• From part two: We have also teamed up with researchers at leading healthcare organizations and medical centers including StanfordUCSF, and University of Chicago to demonstrate the effectiveness of using machine learning to predict medical outcomes from de-identified medical records (i.e. given the current state of a patient, we believe we can predict the future for a patient by learning from millions of other patients’ journeys, as a way of helping healthcare professionals make better decisions). We’re very excited about this avenue of work and we look to forward to telling you more about it in 2018
    • FacetsFacets contains two robust visualizations to aid in understanding and analyzing machine learning datasets. Get a sense of the shape of each feature of your dataset using Facets Overview, or explore individual observations using Facets Dive.
  • Found this article on LSTM-based prediction for robots and sent it to Aaron: Deep Episodic Memory: Encoding, Recalling, and Predicting Episodic Experiences for Robot Action Execution
  • Working through Beyond Individual Choice – Actually, wound up going Complexity LabsGame Theory course
    • Social traps are stampedes? Sliding reinforcers (lethal barrier)
    • The transition from Tit-for-tat (TFT) to generous TFT to cooperate always, to defect always has similarities to the excessive social trust stampede as well.
    • Unstable cycling vs. evolutionarily stable strategies
    • Replicator dynamic model: Explore/Exploit
      • In mathematics, the replicator equation is a deterministic monotone non-linear and non-innovative game dynamic used in evolutionary game theory. The replicator equation differs from other equations used to model replication, such as the quasispecies equation, in that it allows the fitness function to incorporate the distribution of the population types rather than setting the fitness of a particular type constant. This important property allows the replicator equation to capture the essence of selection. Unlike the quasispecies equation, the replicator equation does not incorporate mutation and so is not able to innovate new types or pure strategies.
    • Fisher’s Fundamental Theorem “The rate of increase in fitness of any organism at any time is equal to its genetic variance in fitness at that time.
    • Explorers are a form of weak ties, which is one of the reasons they add diversity. Exploiters are strong ties
  • I also had a thought about the GPM simulator. I could add an evolutionary component that would let agents breed, age and die to see if Social Influence Horizon and Turn Rate are selected towards any attractor. My guess is that there is a tension between explorers and stampeders that can be shown to occur over time.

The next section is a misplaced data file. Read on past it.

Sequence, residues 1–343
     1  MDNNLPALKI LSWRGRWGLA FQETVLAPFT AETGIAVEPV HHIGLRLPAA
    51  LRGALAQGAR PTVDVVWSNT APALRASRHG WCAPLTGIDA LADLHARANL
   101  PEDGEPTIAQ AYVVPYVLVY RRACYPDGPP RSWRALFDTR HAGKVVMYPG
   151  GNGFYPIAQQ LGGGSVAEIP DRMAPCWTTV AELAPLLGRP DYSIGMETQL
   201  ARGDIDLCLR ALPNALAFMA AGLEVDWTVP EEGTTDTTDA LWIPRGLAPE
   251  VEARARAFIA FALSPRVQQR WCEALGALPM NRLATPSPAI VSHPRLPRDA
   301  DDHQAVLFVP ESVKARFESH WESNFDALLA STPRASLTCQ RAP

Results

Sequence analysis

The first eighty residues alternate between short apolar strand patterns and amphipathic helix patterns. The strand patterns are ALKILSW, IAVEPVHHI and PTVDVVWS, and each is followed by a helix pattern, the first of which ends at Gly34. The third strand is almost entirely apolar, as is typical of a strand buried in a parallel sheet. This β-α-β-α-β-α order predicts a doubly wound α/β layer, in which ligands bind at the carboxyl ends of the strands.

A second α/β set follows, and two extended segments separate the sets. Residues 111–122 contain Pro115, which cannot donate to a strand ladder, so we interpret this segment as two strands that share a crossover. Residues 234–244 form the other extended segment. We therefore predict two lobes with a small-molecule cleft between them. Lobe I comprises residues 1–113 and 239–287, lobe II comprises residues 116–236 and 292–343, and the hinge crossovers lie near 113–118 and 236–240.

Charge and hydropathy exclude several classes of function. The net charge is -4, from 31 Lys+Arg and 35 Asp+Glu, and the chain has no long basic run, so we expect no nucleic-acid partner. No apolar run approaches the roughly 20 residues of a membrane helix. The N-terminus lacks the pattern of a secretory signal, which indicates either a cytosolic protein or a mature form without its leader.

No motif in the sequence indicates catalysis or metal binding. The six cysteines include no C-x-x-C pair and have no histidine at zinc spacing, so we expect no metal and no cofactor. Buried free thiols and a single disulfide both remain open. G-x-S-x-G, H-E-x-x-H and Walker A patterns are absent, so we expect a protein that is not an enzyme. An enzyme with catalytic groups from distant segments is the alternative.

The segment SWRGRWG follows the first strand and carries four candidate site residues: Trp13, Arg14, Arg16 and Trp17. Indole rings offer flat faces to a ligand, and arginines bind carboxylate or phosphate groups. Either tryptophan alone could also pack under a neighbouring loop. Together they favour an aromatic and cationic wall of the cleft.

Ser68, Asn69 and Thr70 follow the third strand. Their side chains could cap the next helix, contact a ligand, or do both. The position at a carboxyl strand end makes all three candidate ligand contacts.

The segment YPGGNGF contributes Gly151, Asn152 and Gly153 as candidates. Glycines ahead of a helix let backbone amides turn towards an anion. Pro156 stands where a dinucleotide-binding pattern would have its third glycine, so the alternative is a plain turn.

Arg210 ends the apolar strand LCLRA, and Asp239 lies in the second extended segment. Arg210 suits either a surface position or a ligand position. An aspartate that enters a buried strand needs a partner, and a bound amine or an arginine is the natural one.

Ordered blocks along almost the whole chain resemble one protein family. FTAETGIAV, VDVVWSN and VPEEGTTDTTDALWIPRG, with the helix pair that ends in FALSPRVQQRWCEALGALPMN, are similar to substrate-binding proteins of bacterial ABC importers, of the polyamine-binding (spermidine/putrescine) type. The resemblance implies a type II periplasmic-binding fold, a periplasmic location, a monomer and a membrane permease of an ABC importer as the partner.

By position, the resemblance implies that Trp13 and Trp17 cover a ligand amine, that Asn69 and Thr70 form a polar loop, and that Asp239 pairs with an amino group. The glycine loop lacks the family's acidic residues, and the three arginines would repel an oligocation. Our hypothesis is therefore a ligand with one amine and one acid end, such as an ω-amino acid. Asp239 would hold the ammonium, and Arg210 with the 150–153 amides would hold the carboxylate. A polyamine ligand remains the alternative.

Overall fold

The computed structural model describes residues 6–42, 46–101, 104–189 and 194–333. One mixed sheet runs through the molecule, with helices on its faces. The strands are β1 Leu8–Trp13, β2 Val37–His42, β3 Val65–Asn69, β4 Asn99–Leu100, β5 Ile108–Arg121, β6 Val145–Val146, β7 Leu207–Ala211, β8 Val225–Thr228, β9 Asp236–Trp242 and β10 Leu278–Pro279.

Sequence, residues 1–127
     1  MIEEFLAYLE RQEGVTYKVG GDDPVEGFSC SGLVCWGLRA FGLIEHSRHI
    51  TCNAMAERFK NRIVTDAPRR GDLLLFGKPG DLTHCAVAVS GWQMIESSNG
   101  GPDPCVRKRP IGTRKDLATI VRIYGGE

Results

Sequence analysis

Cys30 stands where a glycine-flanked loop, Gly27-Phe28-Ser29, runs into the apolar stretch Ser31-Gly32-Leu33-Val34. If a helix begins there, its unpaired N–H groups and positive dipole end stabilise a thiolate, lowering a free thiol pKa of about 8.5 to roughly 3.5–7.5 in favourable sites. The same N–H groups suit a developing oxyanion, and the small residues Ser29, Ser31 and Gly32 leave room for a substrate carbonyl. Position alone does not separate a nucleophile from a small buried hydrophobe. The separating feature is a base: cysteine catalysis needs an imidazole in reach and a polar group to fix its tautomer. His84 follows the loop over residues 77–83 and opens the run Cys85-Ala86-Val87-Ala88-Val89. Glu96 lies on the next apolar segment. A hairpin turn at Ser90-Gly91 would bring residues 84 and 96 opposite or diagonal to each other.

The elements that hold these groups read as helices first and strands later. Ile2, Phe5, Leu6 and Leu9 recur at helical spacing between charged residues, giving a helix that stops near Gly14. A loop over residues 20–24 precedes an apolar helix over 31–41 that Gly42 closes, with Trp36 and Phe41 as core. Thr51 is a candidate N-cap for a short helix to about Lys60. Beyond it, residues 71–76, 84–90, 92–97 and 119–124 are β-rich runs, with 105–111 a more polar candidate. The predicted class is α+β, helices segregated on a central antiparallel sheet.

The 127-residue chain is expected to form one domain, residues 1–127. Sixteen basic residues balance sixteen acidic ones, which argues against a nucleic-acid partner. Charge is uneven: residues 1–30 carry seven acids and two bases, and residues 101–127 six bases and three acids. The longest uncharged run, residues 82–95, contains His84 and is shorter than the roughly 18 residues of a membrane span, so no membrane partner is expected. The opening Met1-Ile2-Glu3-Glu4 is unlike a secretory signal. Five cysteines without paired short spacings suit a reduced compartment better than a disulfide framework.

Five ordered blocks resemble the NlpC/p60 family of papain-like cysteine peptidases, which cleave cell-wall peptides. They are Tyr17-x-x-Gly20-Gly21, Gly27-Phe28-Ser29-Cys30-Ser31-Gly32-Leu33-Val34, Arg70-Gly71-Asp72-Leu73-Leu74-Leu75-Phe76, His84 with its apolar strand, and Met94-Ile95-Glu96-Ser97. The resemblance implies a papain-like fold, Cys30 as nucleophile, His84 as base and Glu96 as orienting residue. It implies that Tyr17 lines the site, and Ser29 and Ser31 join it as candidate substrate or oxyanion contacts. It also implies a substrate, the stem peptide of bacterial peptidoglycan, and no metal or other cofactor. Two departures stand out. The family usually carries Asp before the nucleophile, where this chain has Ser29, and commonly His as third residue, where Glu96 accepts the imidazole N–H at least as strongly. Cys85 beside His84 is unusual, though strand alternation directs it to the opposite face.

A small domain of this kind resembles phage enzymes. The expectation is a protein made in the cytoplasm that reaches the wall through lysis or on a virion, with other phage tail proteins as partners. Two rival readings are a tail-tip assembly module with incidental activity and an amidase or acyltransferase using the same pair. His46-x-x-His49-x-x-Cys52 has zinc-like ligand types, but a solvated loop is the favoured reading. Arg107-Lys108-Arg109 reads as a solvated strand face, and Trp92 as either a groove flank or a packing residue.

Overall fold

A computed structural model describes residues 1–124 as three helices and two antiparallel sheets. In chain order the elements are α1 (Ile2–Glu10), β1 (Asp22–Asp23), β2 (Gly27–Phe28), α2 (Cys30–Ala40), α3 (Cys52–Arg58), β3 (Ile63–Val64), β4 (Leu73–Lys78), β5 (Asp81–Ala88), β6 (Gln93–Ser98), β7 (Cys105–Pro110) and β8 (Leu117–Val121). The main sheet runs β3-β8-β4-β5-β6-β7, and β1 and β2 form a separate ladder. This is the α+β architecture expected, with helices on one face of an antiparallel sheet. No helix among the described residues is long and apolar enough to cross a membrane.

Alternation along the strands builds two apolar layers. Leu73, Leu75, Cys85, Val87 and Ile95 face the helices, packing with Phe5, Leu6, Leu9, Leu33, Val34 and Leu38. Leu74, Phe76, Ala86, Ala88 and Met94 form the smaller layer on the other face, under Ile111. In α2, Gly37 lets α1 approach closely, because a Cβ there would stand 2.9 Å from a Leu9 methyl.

Phil 1.11.18

7:00 – 4:00 ASRC MKT

  • Sprint review – done! Need to lay out the detailed design steps for the next sprint.

The Great Socio-cultural User Interfaces: Maps, Stories, and Lists

Maps, stories, and lists are ways humans have invented to portray and interact with information. They exist on a continuum from order through complexity to exploration.

Why these three forms? In some thoughts on alignment in belief space, I discussed how populations exhibiting collective intelligence are driven to a normal distribution with complex, flocking behavior in the middle, bounded on one side by excessive social conformity, and a nomadic diaspora of explorers on the other. I think stories, lists, and maps align with these populations. Further, I believe that these forms emerged to meet the needs of these populations, as constrained by human sensing and processing capabilities.


Lists are instruments of order. They exist in many forms, including inventories, search engine results, network graphs, and games of chance and crossword puzzles. Directions, like a business plan or a set of blueprints, are a form of list. So are most computer programs. Arithmetic, the mathematics of counting, also belongs to this class.

For a population that emphasizes conformity and simplified answers, lists are a powerful mechanism we use to simplify things. Though we can recognize easily, recall is more difficult. Psychologically, we do not seem to be naturally suited for creating and memorizing lists. It’s not surprising then that there is considerable evidence that writing was developed initially as a way of listing inventories, transactions, and celestial events.

In the case of an inventory, all we have to worry about is to verify that the items on the list are present. If it’s not on the list, it doesn’t matter. Puzzles like crosswords are list like in that they contain all the information needed to solve them. The fact that they cannon be solved without a pre-existing cultural framework is an indicator of their relationship to the well-ordered, socially aligned side of the spectrum.


Lists transition into stories when games of chance have an opponent. Poker tells a story. Roulette can be a story where the opponent is The House.